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ANS 2: Week 4 Notes

by: Mackenzie Hayes

ANS 2: Week 4 Notes ANS 002

Mackenzie Hayes

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About this Document

These notes cover everything in lecture, with diagrams from lecture slides included
Introductory Animal Science
Dr. James Murray
Class Notes
animal, Science
25 ?




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This 9 page Class Notes was uploaded by Mackenzie Hayes on Saturday April 23, 2016. The Class Notes belongs to ANS 002 at University of California - Davis taught by Dr. James Murray in Spring 2016. Since its upload, it has received 46 views. For similar materials see Introductory Animal Science in Animal Science and Zoology at University of California - Davis.

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Date Created: 04/23/16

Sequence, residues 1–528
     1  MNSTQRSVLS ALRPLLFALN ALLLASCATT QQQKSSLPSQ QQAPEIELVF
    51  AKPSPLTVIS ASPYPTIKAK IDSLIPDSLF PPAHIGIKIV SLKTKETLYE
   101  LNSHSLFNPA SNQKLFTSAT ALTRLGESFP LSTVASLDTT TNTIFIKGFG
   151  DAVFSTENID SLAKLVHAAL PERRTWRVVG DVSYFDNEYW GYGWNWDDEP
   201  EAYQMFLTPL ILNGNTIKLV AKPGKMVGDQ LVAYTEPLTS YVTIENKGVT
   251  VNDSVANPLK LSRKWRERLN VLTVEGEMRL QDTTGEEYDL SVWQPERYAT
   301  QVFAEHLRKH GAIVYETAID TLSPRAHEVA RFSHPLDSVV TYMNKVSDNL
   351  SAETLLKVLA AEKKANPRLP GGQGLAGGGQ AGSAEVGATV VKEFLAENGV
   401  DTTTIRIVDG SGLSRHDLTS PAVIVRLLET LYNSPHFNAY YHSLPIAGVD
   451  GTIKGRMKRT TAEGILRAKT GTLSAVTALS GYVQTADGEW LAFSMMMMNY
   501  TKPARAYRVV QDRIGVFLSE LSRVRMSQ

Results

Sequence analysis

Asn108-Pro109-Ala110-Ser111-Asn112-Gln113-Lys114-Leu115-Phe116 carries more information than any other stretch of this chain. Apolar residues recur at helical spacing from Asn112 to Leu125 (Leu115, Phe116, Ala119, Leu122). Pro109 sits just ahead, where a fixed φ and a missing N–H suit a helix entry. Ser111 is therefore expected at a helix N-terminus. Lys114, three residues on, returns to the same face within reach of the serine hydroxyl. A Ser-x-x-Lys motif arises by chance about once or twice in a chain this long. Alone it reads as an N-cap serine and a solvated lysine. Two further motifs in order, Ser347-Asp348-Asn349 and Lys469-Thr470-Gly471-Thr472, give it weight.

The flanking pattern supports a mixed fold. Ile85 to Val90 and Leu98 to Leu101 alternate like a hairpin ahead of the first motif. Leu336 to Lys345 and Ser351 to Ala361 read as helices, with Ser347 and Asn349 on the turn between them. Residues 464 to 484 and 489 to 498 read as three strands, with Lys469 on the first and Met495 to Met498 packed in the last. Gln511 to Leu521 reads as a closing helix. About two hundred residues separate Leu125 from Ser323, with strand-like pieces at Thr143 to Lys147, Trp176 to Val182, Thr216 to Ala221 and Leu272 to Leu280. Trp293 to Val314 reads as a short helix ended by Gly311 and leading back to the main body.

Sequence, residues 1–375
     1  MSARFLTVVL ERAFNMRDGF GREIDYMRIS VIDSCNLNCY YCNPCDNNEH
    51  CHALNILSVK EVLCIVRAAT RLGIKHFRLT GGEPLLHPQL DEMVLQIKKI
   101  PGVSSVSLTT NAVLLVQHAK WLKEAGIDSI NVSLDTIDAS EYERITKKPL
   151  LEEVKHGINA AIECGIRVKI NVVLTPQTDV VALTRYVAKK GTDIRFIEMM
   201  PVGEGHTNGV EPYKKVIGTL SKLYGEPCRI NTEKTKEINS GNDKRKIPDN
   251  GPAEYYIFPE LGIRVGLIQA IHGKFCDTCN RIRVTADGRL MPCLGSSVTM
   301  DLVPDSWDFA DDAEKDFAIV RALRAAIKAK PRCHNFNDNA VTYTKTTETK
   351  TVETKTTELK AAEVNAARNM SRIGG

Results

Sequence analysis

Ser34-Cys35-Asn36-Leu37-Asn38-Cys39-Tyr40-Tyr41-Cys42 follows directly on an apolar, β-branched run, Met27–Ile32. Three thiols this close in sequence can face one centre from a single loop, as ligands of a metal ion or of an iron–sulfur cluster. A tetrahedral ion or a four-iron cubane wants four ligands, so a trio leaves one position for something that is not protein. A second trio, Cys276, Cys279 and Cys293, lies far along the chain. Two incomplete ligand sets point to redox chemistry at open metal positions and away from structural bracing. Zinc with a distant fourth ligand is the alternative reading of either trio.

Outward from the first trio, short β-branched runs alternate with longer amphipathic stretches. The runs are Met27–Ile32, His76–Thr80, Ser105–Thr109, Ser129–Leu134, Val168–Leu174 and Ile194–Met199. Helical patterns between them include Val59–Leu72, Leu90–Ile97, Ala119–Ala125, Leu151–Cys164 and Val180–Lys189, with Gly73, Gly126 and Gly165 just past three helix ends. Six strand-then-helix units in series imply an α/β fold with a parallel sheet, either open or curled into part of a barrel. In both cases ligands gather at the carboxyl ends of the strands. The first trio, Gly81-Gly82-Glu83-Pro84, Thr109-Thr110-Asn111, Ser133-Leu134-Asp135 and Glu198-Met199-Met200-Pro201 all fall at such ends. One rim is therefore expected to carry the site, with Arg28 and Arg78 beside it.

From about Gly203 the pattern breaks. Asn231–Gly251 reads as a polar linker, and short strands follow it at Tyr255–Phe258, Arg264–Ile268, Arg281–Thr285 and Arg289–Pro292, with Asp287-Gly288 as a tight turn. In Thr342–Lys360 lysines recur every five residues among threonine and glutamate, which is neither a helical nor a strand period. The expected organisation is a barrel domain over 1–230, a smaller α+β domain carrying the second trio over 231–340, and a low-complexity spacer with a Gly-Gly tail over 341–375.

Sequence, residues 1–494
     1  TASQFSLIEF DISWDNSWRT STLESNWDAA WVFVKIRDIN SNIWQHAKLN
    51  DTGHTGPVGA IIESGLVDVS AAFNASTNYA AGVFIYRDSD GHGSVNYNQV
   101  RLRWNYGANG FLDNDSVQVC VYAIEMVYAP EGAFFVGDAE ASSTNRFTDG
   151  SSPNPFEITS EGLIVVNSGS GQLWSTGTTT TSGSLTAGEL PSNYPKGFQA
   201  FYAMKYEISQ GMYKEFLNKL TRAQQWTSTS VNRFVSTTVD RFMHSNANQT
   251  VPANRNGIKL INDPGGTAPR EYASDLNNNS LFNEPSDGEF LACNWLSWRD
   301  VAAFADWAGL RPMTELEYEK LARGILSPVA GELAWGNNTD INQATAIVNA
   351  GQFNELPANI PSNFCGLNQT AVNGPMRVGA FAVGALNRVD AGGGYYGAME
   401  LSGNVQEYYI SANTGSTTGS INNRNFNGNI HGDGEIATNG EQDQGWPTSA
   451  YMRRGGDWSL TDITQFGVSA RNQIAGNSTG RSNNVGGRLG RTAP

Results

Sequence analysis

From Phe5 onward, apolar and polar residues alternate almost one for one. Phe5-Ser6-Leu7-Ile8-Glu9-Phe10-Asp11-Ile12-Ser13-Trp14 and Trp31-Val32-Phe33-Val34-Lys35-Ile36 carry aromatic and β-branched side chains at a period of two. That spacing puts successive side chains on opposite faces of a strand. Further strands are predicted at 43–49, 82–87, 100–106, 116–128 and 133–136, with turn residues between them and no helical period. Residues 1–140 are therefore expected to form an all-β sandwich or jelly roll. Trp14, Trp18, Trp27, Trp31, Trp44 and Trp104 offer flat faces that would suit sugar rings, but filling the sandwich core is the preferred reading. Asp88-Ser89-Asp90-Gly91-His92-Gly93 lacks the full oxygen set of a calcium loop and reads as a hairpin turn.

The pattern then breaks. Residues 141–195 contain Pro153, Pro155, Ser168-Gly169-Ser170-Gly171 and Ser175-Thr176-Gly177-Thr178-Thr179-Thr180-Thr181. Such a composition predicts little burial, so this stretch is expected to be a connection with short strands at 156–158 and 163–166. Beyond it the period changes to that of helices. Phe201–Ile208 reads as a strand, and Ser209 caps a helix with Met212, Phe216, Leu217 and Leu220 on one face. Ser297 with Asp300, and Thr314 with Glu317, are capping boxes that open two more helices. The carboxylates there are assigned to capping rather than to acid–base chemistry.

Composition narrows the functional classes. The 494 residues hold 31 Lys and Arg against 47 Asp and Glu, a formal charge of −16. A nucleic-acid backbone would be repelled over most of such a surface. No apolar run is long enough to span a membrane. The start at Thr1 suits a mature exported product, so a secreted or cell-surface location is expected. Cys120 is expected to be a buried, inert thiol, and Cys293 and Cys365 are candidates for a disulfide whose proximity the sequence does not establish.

ANS 2: Week 4 Notes (4/18) ● Mammary Gland Anatomy ○ Exocrine gland - secretes to outside of body ■ Developmentally like salivary + sudoriferous (sweat) glands ○ Defines the class mammalia ■ Range from skin surface milk patch (monotremes) ■ To variable number of defined glands ○ Number of glands varies with species: ■ Cow: 4 glands; 4 teats ■ sheep/goats: 2 glands; 2 teats ■ Mare: 4 glands; 2 teats ■ Sow: 6-20 glands; same # teats ● Doesn’t have cistern like a cow to store milk ● Must nurse more frequently b/c can’t hold as much ○ Kangaroo young born very immature ■ Continue to nurse/grow in pouch ■ Each nipple produces totally different milk (different glands) ● Stages of Mammary Development: ○ 1 - at puberty ■ Ductal elongation promoted by estrogen + IOF-I ■ Minimal alveolar development (progesterone) ○ 2 - lactogenesis - at pregnancy ■ Ductal and alveolar growth (progesterone) ■ Late pregnancy production of milk + secretion initiated ○ 3 - galactopoiesis = lactation ○ 4 - involution - at end of lactation ■ Regression to pre-pregnancy state ● Composition of milk varies across species ○ Caseins most abundant protein in cow milk + whey is less (reverse in humans) ○ 9 of the 20 amino acids are essential ○ Over 500 different fat molecules have been found in cow milk ■ Changes in diet affect it ■ Food doesn’t have a composition it has a “range” of composition ● No two steaks are alike ○ Changes based on: ■ Breed ■ Stage of lactation ● Colostrum vs. milk ● Early vs. mid vs. late pregnancy ■ Parity of dam ■ Type of feed ■ Age of young ● Newborn vs. young at foot in kangaroos ● Colostrum: ○ First milk produced after parturition ■ High protein content ■ High material antibody content ● Important for passive immunity ● Neonatal gastrointestinal tract epithelium is porous to large molecules immediately after birth ● Not true for all mammals (rabbits) ● Anatomy: *be able to label* ○ True secretory alveoli develop under hormonal control during pregnancy ■ Increasing estrogen - duct and cistern development ■ High progesterone - alveolar growth ○ Structure’s been modified over time (selective breeding) ■ Conformation to fit milking machine ○ Tree-like structure in ductal system (quarters) ○ Mammary epithelial cells - produce + secrete milk ○ Meilol epithelial cells - respond to oxytocin to contract ■ Oxytocin release caused by physical stimulation of hypothalamus ○ Parenchyma - glandular tissue (alveolar tissue) makes milk (progesterone) ○ Alveolus ■ Lumen holds milk ■ Epithelial cells produce milk ■ Stroma = connective tissue ○ Lobule - 200-250 alveoli ■ Lobe = multiple lobules ○ Mammogenesis - mammary gland development ○ Lactogenesis - induction of lactation ○ Galactopoiesis - maintenance of lactation ● *500 gallons of blood / 1 gallon milk* ○ Massive blood supply and flow to mammary system ● Lymph nodes = passive system throughout body ○ Will swell with white blood cells to fight infection ● More living organisms per unit area in small intestine than anywhere else on earth ● Hypothalamus - responds to nerve signals + releases hormones (4/22) ● Digestive Anatomy ● Functions of the GI tract ○ All animals are hollow tubes ■ Some tubes are more specialized than others ○ Receiving ■ Mouth ■ Way of getting food in (ingesting food) ■ Teeth / lips / tongue / jaw ● Able to determine lots about the diet ● Distinctive for different purposes ○ Dog - jaw moves up and down (shearing) ○ Ruminant - jaw moves side to side (grinding) ○ Conduction, storing ■ Foregut - not a lot of digestion ■ Not all systems have a storage function ■ Birds have crop to store food ● Allows it to pick up lots of food fast + digest later ○ Digestion, absorption ■ Acid digestion ● Acidic environment + enzyme breakdown ● Hydrochloric Acid + pepsin ● Stomach, abomasum, ■ Basic Absorption ● Basic environment ● Small intestine - absorbs amino acids, nucleotides, etc. ● Rumen as well (microbes need neutral environment) ○ Absorbing water, defecating ■ Large intestine ■ Some animals have storage for waste (birds do not) ● GI Tract overall same idea for all animals all throughout time ○ Hagfish = almost just a simple hollow tube ○ Complexity and length will vary depending on diet ** ■ Obligate carnivore : simpler GI tract (meat easy to digest) ■ Ruminant / herbivore : more complex (harder things to digest) ● Have to incorporate fermentation ● Cecum = ​ appendix ○ No known function for us ■ Vestigial structure ○ Plant eaters = helps them withdraw nutrients ● Fish + Birds are “constrained” ○ Fish = small compact body to fit GI tract into ■ Small intestine is VERY SMALL ● Pyloric cecum helps to hold food before SI ● Allows time to digest and absorb fat ■ **diagram appears on tests** ■ Distal Stomach = acid stomach ■ Sprial intestine = increase surface area ● Folds inside take up short distance ● Allows more absorption of water (large intestine) ○ Bird = need to be light for flight ■ Beaks instead of lips ● Designed for type of food the bird eats ■ Darwin in the Galapagos - finches ● Differentiate entirely upon diet ■ Crop = storage ■ Proventriculus = acid stomach ● Breaks down and softens food ■ Gizzard = grinds hard food ● Little rocks held inside to crush food ● Birds in wild “eat” rocks for their gizzard ■ Small intestine: ● Inside small intestine = outside of body ○ Most concentrated area of living organisms on earth ● Duodenum, Jejunum, Ileum (3 parts) ● Duodenum = loop that contains the pancreas (beginning) ○ Pancreas produces enzymes and buffers ■ Exocrine organ: ● Counteracts acidity of stomach ● Sodium Bicarbonate ■ Endocrine organ: ● Insulin ○ Where gallbladder drains bile into small intestine ● Can’t really define line between Jejunum and Ileum ● Ileo-cecal junction ○ 2 ceca (paired ceca) no known function ● Large intestine = extremely small ○ Doesn’t absorb nearly as much water or hold waste ○ Water + waste are heavy so get rid of it ○ Pig: ■ Salivary glands ■ Esophagus = just for transportation ■ Single acid stomach ● Cardiac sphincter ○ Prevents stomach contents from going up into esophagus ○ Leads to acid reflux (burning of esophageal lining) ● Pyloric sphincter ○ Allows food out of stomach and into small intestine ■ Very large large intestine ○ Dog: simple (carnivore) ○ Horse: larger cecum for hindgut fermentation ● Bacteria = friend and enemy ○ Coliform = fecal contamination measurement ● Coprophagy = eat own feces ○ Hind-gut fermentors ● Saliva = minor component of digestion (more of a buffer) ○ Produce lots of it ○ Moisten food for swallowing ■ Bolus = food being swallowed ○ 3 groups of salivary glands ● Epiglottis - closes and blocks the trachea so food forced down esophagus ● Ruminant ***diagram on many tests*** ○ 1 stomach (4 chambers) ○ Fermentation requires larger digestive tract ○ Rumen + reticulum ■ Open to each other ■ Fermentation ○ Omasum ○ Abomasum ■ True acid stomach